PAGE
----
Say hello to Warwick School District’s new SRO

By on September 21, 2016
Peter “PJ” Savage of the Lititz Borough Police Department is filling the newly-created position of school resource officer in the Warwick School District.

Peter “PJ” Savage of the Lititz Borough Police Department is filling the newly-created position of school resource officer in the Warwick School District.

When Warwick High School students returned for classes Sept. 7, they probably noticed someone new in the halls.

It wasn’t necessarily a new teacher, student or principal, although there were certainly a few of those. It was the new SRO, and his name is Peter Savage.

“The first thing people ask me is, ‘What is an SRO?’” says Savage. “It’s a school resource officer.”

Savage is the first-ever SRO for the Warwick School District, and his office is located at the high school. He will be spending most of his time at the high school and middle school, although he will be serving the district’s four elementary schools from time to time, as well as participating in other school-related events.

He essentially offers a police presence at the schools. He wears a police uniform and he is equipped to handle a variety of policing issues.

He has been a police officer with the Lititz Borough Police Department since 2003, previously serving as a police officer in Akron Borough.

In many ways, Savage’s presence at Warwick High School is part of the legacy of Robin Felty, who served as assistant superintendent for Warwick until she was named as superintendent at the Manheim Township School District earlier this summer.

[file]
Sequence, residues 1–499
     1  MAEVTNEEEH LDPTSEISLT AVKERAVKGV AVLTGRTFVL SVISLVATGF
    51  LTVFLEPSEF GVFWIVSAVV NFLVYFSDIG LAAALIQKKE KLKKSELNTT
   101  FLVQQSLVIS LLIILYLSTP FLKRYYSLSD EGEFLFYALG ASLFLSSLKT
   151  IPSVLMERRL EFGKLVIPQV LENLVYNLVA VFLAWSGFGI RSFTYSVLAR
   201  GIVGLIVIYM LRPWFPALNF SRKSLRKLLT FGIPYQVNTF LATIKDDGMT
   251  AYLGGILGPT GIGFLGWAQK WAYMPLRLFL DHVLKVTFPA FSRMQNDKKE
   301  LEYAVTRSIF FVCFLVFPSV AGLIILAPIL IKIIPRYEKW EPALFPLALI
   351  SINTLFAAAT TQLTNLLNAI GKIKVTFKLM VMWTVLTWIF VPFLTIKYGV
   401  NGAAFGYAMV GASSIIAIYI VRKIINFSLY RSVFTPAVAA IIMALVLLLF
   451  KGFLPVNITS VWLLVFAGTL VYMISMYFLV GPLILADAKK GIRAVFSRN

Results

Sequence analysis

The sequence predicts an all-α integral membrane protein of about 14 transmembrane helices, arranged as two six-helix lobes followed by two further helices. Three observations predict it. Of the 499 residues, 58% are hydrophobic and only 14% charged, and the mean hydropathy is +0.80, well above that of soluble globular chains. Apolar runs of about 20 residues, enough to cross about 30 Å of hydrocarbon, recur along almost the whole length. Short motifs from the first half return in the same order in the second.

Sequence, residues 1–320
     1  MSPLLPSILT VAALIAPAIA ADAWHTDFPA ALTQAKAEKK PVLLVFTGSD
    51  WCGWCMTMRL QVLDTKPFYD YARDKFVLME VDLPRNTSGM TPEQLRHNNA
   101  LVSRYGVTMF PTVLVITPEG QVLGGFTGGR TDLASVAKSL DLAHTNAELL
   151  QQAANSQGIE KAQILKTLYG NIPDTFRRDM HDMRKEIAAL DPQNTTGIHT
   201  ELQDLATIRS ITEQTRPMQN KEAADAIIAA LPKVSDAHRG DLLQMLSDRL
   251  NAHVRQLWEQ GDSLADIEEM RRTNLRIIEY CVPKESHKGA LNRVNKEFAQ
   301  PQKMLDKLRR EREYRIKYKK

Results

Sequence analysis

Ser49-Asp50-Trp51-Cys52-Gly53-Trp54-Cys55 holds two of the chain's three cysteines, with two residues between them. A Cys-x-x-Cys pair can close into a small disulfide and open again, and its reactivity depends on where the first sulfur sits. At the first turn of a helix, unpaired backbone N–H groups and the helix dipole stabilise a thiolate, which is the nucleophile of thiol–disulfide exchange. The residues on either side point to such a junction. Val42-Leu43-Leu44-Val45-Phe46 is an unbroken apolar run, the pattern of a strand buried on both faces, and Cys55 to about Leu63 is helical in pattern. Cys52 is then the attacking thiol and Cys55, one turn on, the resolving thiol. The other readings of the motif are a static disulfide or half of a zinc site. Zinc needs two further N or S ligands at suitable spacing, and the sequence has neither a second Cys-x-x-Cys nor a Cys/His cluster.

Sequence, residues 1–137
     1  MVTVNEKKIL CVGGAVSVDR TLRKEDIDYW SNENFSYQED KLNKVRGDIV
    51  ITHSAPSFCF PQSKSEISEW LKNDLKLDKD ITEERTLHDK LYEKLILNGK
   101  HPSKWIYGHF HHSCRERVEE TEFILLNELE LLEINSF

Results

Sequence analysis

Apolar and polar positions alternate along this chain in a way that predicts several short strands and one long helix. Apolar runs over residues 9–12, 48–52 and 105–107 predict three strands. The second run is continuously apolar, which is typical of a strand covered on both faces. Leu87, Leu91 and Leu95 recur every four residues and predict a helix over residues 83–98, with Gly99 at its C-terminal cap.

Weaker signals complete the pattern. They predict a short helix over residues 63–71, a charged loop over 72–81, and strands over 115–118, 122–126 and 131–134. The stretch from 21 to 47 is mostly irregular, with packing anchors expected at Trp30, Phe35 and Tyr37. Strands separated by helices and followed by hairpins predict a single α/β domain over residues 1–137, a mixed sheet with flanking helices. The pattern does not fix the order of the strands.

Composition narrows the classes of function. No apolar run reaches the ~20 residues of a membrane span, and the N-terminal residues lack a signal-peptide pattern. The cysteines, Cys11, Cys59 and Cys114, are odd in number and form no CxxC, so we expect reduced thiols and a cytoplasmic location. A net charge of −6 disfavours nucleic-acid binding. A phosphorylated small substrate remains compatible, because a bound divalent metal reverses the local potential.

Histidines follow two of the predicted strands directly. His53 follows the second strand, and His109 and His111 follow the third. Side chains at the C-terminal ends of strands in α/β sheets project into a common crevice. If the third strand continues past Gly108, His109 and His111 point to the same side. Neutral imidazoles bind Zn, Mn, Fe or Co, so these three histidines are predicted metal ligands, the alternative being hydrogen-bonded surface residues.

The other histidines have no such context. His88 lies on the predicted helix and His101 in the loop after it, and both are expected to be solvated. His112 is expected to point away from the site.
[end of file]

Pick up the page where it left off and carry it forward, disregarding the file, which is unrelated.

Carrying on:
Felty had worked hard to get an SRO in place for Warwick. In 2015, she applied for a grant on behalf of the school district to fund an SRO. Felty and school district officials were disappointed to learn the grant request was denied.

In the meantime, Lititz Borough Police Department was pursuing the implementation of an SRO at the school district in partnership with the borough. Savage and police officer Ken Wolfe were being prepared for that possibility and attended SRO classes with the National Association of Security Resource Officers.

“I did my training in Connecticut. It was a 40-hour training program,” says Savage, even though funding had not yet been determined.

Then, this past spring, Warwick School District and Lititz Borough joined forces to provide funds for the SRO. The borough and school district would share the cost of the $80,000 salary. Half of that cost is being covered by Lititz Borough, along with potential contributions from other municipalities in the school district. The remaining $40,000 is budgeted by the Warwick School District.

As Lititz Borough Police Chief Kerry Nye reports, Savage completed his SRO training and will be working Monday through Friday at the schools. He will also provide coverage at larger special events like prom and sports championships.

“He is still be a borough employee,” says Nye, adding that Savage will likely work hours during the summer at the Lititz Police Department.

For the school district, having an in-school police presence as an SRO is important for safety related training, developing school safety plans and procedures, providing a positive role model, and serving as a catalyst to bring the school and community together. Savage’s SRO training prepares him to assist in situations such as child abuse, adolescent stress, and students with special needs.